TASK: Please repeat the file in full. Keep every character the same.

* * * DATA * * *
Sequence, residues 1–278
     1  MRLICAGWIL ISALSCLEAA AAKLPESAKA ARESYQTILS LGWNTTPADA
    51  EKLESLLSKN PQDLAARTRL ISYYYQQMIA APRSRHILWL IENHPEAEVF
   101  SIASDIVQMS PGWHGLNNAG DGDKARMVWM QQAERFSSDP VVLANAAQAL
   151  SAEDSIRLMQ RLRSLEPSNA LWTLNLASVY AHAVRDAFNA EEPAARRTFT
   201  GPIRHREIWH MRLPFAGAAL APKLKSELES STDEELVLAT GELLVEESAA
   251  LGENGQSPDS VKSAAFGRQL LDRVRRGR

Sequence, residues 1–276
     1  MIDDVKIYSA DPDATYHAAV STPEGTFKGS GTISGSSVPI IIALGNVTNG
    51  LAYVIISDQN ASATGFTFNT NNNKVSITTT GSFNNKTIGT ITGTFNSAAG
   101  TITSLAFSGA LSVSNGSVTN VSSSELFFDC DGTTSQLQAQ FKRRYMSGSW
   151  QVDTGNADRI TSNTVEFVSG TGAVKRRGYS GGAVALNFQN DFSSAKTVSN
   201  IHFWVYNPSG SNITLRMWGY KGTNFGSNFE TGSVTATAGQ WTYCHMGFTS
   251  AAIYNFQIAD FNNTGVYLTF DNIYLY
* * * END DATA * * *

Sequence, residues 1–278
     1  MRLICAGWIL ISALSCLEAA AAKLPESAKA ARESYQTILS LGWNTTPADA
    51  EKLESLLSKN PQDLAARTRL ISYYYQQMIA APRSRHILWL IENHPEAEVF
   101  SIASDIVQMS PGWHGLNNAG DGDKARMVWM QQAERFSSDP VVLANAAQAL
   151  SAEDSIRLMQ RLRSLEPSNA LWTLNLASVY AHAVRDAFNA EEPAARRTFT
   201  GPIRHREIWH MRLPFAGAAL APKLKSELES STDEELVLAT GELLVEESAA
   251  LGENGQSPDS VKSAAFGRQL LDRVRRGR

Sequence, residues 1–276
     1  MIDDVKIYSA DPDATYHAAV STPEGTFKGS GTISGSSVPI IIALGNVTNG
    51  LAYVIISDQN ASATGFTFNT NNNKVSITTT GSFNNKTIGT ITGTFNSAAG
   101  TITSLAFSGA LSVSNGSVTN VSSSELFFDC DGTTSQLQAQ FKRRYMSGSW
   151  QVDTGNADRI TSNTVEFVSG TGAVKRRGYS GGAVALNFQN DFSSAKTVSN
   201  IHFWVYNPSG SNITLRMWGY KGTNFGSNFE TGSVTATAGQ WTYCHMGFTS
   251  AAIYNFQIAD FNNTGVYLTF DNIYLY